Back of the Class

I am very lucky: my high school class has an excellent archivist. So when there was a sudden and unexpected flurry of engagements this year, I was able to request the data.

Here’s what I wanted to know: how many of us are still single?

There were 66 students in my graduating high school class. Of those, 59 are married or engaged. For those who don’t care to reach for their calculator, that’s 89%. Which is to say, 10.6% are still single.

Well, we all know the 10% statistic. So, as a member of the 10% of my high school class, I think I can officially give up.

Yes, I know, it’s a statistic, not a rule. Of course it’s not a rule! I have a friend who is the last in her class still single. Although, granted, at a class size of 15, that may not be a significant variance from 10%. I don’t know – I haven’t got the time to figure it out.

It should probably be disheartening to think that I’m now a statistic. But the truth is, everyone’s a statistic. If you’re not in the 10% single then you’re in the 90% married. Honestly, what’s the difference? We can all be distilled into numbers one way or another.

So I kept adding columns to my spreadsheet. This time I was curious about rate of marriage. Is it sort of bell-shaped, or is there a tail? That’s really what set off my quest in the first place.

And so, I present to you, a case study of a Bais Yaakov High School, marriage rate, sample size 66.
Marriage Histogram

 

As you can see, there’s a slow start, as most of the sample was in Israel, and had a delayed start entering the marriage pool. But those who stayed in New York City lost no time at all in engaging themselves to the local male populace.

Once the Israel-seminarians returned, they too threw themselves into the marriage market, marrying an astonishing 18 of themselves off in the first year alone! This rapid rate of pairing slowed only marginally for the next two years, before dropping precipitously.  This may be due to the fact that a grand total of 71% of them were now paired off and busily reproducing themselves. The remaining 29% were slower and more circumspect. However, eventually another 20% of them also found a mate. These pairings were slower, more gradual, and illustrate undramatically on the histogram above.

You may be wondering: yes, there is a rapid marriage rate. But what about the divorce rate?

Well, I reassure you, the class currently stands at zero divorces, which is a rate of 0%.

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Are We in Kansas Yet?

I once did the math and calculated that, on average, over the last five years of my life, I’ve dated four men a year.

It makes sense when you think about it. If you date only during midterms and finals of a two-semester year, you get four dates a year. It’s kind of fun that the statistics bear out my observation, but not surprising.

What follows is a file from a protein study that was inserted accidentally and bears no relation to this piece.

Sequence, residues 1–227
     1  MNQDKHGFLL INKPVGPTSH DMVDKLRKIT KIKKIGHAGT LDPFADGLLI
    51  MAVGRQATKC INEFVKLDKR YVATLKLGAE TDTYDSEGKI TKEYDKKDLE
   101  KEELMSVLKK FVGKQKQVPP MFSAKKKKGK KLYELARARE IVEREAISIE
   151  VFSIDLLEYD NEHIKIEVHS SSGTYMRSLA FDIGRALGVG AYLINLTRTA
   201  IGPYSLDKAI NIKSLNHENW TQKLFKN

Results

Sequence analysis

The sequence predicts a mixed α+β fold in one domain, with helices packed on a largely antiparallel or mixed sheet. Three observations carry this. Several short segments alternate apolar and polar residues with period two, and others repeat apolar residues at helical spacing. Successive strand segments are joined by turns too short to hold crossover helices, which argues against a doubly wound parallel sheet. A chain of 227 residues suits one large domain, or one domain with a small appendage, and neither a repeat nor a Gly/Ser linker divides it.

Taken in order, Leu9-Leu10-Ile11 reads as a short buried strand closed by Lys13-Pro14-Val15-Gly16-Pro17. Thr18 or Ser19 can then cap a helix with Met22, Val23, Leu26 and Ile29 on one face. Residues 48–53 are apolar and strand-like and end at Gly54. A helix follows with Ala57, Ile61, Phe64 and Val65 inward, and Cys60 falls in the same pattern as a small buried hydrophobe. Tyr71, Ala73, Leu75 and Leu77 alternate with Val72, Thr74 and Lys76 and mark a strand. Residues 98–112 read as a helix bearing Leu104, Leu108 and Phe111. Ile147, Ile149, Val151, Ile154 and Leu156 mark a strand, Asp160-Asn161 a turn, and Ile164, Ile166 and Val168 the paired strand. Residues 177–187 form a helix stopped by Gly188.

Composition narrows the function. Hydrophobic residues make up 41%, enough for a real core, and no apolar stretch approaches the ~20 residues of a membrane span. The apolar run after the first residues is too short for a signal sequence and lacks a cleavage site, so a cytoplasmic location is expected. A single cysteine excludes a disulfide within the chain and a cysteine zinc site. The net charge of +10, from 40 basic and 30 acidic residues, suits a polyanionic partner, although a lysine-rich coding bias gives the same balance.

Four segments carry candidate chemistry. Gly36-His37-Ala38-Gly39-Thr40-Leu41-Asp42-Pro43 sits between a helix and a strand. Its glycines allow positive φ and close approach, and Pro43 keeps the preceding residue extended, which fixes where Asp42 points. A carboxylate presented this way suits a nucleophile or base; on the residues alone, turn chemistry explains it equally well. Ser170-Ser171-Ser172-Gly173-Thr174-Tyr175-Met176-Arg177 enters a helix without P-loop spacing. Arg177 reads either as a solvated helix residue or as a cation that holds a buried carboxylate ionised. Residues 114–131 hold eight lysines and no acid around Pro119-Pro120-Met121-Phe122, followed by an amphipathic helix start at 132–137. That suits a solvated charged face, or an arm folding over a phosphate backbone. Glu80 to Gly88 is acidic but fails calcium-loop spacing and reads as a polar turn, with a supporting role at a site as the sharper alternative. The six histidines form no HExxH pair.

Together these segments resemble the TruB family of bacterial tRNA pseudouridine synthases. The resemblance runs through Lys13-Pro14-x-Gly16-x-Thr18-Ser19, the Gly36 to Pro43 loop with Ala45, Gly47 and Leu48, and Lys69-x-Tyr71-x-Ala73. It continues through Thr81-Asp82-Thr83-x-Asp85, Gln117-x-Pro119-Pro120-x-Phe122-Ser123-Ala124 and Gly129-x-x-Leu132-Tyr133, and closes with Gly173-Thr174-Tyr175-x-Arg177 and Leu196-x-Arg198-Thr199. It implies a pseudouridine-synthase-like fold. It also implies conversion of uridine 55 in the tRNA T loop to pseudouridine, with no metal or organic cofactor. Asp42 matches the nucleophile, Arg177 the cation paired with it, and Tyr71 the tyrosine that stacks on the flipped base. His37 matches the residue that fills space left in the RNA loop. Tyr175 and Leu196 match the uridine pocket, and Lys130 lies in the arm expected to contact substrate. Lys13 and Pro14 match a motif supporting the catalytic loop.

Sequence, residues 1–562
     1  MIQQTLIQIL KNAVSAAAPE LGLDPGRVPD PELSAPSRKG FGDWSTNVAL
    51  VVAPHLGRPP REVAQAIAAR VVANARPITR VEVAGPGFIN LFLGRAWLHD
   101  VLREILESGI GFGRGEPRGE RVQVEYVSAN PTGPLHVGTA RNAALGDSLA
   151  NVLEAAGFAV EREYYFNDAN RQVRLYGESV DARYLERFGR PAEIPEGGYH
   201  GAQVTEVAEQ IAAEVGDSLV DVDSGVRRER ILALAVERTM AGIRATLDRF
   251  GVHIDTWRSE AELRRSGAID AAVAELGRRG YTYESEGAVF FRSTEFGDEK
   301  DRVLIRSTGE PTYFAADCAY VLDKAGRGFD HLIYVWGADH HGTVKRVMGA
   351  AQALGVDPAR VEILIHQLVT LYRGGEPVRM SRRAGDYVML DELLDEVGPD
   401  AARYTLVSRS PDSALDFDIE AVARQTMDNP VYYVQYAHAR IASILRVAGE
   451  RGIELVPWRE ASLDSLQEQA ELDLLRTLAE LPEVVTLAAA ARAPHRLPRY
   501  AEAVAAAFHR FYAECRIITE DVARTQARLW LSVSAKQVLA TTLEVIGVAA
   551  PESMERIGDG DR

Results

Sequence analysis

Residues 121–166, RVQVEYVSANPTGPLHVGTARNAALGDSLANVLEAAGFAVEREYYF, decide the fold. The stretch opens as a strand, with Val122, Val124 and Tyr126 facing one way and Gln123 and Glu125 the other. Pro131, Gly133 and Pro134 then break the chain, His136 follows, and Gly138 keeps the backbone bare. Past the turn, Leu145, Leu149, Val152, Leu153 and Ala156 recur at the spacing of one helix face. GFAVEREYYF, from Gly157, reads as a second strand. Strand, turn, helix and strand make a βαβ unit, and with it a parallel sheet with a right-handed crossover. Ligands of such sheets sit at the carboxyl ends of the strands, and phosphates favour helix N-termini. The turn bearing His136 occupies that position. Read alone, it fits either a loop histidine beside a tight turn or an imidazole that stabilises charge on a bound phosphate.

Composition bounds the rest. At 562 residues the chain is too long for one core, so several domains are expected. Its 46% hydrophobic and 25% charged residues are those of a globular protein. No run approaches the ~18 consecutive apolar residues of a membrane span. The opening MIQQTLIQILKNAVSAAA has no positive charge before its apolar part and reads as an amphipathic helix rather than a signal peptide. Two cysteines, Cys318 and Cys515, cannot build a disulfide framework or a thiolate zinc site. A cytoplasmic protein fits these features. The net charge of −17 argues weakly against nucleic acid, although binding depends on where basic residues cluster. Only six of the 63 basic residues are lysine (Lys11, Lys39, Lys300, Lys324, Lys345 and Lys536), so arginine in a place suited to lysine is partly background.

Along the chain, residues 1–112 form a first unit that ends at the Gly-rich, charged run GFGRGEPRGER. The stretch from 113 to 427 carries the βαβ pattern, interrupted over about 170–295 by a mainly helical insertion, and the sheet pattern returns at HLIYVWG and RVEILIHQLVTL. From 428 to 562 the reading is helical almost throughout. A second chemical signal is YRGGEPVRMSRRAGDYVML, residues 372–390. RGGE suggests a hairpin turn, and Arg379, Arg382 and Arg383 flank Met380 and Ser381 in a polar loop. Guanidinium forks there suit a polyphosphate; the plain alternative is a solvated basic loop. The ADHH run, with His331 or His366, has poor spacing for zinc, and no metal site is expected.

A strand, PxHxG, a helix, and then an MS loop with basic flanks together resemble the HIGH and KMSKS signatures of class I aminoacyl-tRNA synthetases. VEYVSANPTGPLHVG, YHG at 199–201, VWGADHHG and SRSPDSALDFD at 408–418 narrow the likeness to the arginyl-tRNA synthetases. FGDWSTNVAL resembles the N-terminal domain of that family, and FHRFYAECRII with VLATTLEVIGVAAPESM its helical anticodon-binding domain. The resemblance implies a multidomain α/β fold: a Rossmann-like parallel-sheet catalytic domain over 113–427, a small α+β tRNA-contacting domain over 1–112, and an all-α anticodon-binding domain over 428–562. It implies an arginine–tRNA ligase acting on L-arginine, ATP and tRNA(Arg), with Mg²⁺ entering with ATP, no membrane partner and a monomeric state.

So, I mused, curled up in my papasan chair in my very own vermin-free one-bedroom apartment in a pleasant, crime-free neighborhood with a large grassy park in view of my window: would I swap this OOT quality of life for four dates a year?

Yes, I know. Every guy has the potential to be the one guy I need. It’s not the quantity, it’s the quality. But the truth is the quality hasn’t been so great either. A third of those dates were OnDs. When the arcade screen of my NYC dating life blinks “Continue? [2 tokens]” I feel little inspiration to pursue it, and a strong urge to use my tokens on the pinball game instead.

There’s another appealing thing about the OOT dating game. When OOTers visit New York, they date four people in four nights—if not in three or two nights. Now that is efficient. Instead of spreading my four guys over 12 months, I can bang them out in a week and can spend the rest of the year happily pretending to be a contented single—and sometimes even fooling myself.

There’s only one problem: lining up those guys. Because I’ve been in Brooklyn since Tuesday night and haven’t even seen an unpaired human with a Y chromosome, let alone dated one. Clearly, there’s more to this OOT-style dating than just sporadically visiting from OOT.

When I lived in Brooklyn, I kept hearing about guys who wanted OOT girls. But it seems that merely living OOT doesn’t imbue you with the OOT mystique that brings the gentlemen flocking to your NY address.

Granted, I still lack that country charm. I still walk faster than anyone else in my new town. But I have gone native in some other fundamental ways. And I can prove it.

Just the other day, I was walking down E 13th Street near Avenue J when I happened to make eye contact with a fellow pedestrian. And would you believe what I did? I’m a little embarrassed to admit it. But I greeted him. He gave me a blank look and continued past while I blushed at how I’d completely forgotten myself.

But a few blocks later I did it again. Same response, understandably. I was mortified by my gaucherie and disregard for the local customs. What next? Chatting with the checkout girl? Welcoming strangers in shul? Cow tipping?

Or maybe (just maybe) four dates in a nights?